In recent years, there has been a surge in the number of so-called “earth scams” in which fraudsters attempt to sell fake or non-existent properties to unsuspecting victims. The Atlas Earth Scam is one of the most brazen and sophisticated examples of this type of fraud. In this scheme, the perpetrators created a fake company and website purporting to sell high-end real estate properties in Costa Rica. They then used this platform to lure victims into investing thousands of dollars in these nonexistent properties. Fortunately, the Atlas Earth Scam was uncovered before any victims lost their money. However, this case highlights the need for vigilance when considering any type of real estate investment.
The Atlas Earth Scam: Uncovering a Massive Fraud Scheme
In recent years, there has been a surge in the number of scams targeting innocent people looking to invest their money. One of the most prevalent scams in this category is the so-called “atlas earth scam”. In this blog post, we’ll take a close look at this scam, how it works, and how you can avoid becoming a victim.
The atlas earth scam is a fraudulent investment scheme that promises outrageous returns in a short period of time. Victims are typically lured in with the promise of easy money with little to no risk. Scammers will often use high-pressure sales tactics and false promises in order to convince their victims to invest.
Once the victim has invested, the scammers will typically disappear, leaving the victim high and dry. In some cases, the scammers may continue to string the victim along with empty promises in an attempt to extract even more money.
This scam is relatively new, but it has already claimed many victims. If you’re thinking about investing in any type of get-rich-quick scheme, it’s important to do your homework first. Be sure to check out the company or individual behind the investment, and don’t be afraid to ask questions.
If something sounds too good to be true, it probably is. Don’t let yourself be scammed by the atlas earth scam.
The masterminds behind the Atlas Earth scam
In December 2018, news broke that a group of individuals had been running a massive fraud scheme called Atlas Earth. The masterminds behind the scheme managed to dupe investors out of millions of dollars by promising them unrealistic returns on their investments.
The group behind Atlas Earth consisted of three main individuals: James David, Johnathan Paul, and William James. David was the ringleader of the group and was the one who originally came up with the idea for the scam. Paul and James were brought in to help with the logistics and to find potential investors.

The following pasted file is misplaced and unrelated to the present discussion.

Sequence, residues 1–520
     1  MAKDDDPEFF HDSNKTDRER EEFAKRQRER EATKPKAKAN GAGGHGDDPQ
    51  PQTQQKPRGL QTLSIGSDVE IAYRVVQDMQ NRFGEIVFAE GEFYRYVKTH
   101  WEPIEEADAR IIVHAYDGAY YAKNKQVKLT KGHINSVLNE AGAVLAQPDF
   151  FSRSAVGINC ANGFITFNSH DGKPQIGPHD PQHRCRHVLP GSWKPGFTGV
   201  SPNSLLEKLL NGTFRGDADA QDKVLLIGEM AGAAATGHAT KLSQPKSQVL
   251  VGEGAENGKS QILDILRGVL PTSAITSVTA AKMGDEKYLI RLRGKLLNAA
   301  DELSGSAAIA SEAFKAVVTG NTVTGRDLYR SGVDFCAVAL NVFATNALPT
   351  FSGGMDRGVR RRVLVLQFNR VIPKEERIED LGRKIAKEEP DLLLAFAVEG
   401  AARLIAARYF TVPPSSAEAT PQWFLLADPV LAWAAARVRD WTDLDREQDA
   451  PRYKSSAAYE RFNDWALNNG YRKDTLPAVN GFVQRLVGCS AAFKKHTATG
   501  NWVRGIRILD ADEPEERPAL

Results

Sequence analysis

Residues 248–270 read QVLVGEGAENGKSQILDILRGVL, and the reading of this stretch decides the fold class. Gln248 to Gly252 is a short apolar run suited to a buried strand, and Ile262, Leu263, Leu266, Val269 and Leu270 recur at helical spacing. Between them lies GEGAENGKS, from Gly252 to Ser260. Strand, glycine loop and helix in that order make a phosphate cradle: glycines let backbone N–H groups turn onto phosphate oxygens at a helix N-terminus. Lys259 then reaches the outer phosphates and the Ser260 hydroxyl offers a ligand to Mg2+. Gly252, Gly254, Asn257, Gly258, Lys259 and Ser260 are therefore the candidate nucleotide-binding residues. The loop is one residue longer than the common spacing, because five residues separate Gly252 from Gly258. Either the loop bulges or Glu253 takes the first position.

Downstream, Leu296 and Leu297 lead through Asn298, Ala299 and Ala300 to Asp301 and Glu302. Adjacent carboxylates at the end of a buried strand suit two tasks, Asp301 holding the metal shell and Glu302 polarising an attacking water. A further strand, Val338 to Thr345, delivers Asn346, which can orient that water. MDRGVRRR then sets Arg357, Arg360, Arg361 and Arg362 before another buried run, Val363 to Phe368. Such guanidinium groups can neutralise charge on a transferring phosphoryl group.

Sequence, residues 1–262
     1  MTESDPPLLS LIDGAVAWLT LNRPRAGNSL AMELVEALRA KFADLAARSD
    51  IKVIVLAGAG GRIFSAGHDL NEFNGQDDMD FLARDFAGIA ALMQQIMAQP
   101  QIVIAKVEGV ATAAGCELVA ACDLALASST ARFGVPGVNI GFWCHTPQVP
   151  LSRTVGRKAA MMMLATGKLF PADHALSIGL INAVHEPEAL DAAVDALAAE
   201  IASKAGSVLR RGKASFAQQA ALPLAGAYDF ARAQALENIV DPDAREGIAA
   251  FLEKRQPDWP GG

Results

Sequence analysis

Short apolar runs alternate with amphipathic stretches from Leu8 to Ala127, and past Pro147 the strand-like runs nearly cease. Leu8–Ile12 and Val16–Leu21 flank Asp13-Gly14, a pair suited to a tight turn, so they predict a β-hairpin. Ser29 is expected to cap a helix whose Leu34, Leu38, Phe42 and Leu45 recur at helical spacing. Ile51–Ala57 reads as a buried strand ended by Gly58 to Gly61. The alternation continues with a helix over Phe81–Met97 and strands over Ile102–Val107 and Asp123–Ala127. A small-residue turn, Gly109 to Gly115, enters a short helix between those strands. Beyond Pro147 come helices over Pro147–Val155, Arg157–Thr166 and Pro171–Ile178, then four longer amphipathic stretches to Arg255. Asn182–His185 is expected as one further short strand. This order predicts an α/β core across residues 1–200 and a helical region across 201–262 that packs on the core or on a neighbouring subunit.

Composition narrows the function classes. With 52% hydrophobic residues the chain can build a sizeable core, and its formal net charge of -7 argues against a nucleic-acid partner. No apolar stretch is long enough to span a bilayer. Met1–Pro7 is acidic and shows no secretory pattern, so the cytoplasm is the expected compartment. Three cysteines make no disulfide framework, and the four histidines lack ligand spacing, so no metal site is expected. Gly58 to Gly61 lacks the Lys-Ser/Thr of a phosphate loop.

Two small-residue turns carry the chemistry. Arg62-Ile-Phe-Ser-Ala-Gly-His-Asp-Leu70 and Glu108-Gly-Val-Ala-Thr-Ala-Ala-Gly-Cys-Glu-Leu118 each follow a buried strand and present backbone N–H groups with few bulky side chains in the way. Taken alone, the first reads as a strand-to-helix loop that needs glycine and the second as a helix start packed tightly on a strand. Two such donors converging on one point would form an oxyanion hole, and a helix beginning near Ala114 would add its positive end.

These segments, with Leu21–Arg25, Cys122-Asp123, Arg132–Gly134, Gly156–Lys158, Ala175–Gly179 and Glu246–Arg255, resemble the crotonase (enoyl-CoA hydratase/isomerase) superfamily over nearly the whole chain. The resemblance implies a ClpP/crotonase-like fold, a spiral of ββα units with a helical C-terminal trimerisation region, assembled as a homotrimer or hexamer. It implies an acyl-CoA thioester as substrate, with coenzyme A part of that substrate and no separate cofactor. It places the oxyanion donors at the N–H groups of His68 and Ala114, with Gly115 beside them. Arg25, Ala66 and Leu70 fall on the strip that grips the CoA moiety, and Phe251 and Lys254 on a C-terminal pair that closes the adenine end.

The three men set up a series of companies in the United States and overseas that they used to solicit investments from individuals and businesses. They promised their investors that they would see a return of up to 1,000% on their investment within a year.
To make their scheme more believable, the group set up a fake website and produced fake news articles that made it appear as if their companies were legitimate. They also used social media to promote their scheme and to recruit new investors.
At its peak, the Atlas Earth scam was bringing in millions of dollars per month. However, the three men eventually ran out of money and were unable to keep up with the returns they had promised their investors. This led to the scheme collapsing and the three men being arrested.
The three men have since been charged with multiple counts of wire fraud and money laundering. They each face up to 20 years in prison if convicted.
The Atlas Earth scam is a reminder of the importance of doing your research before investing in anything. If something sounds too good to be true, it probably is. Be sure to check out any potential investments thoroughly before handing over your hard-earned money.
How the Atlas Earth scam was uncovered
In late 2019, a massive fraud scheme was uncovered that had been running for years under the guise of a legitimate business. The scheme, known as Atlas Earth, targeted investors who were promised high returns by investing in a company that claimed to be developing a new technology to extract natural gas from the earth.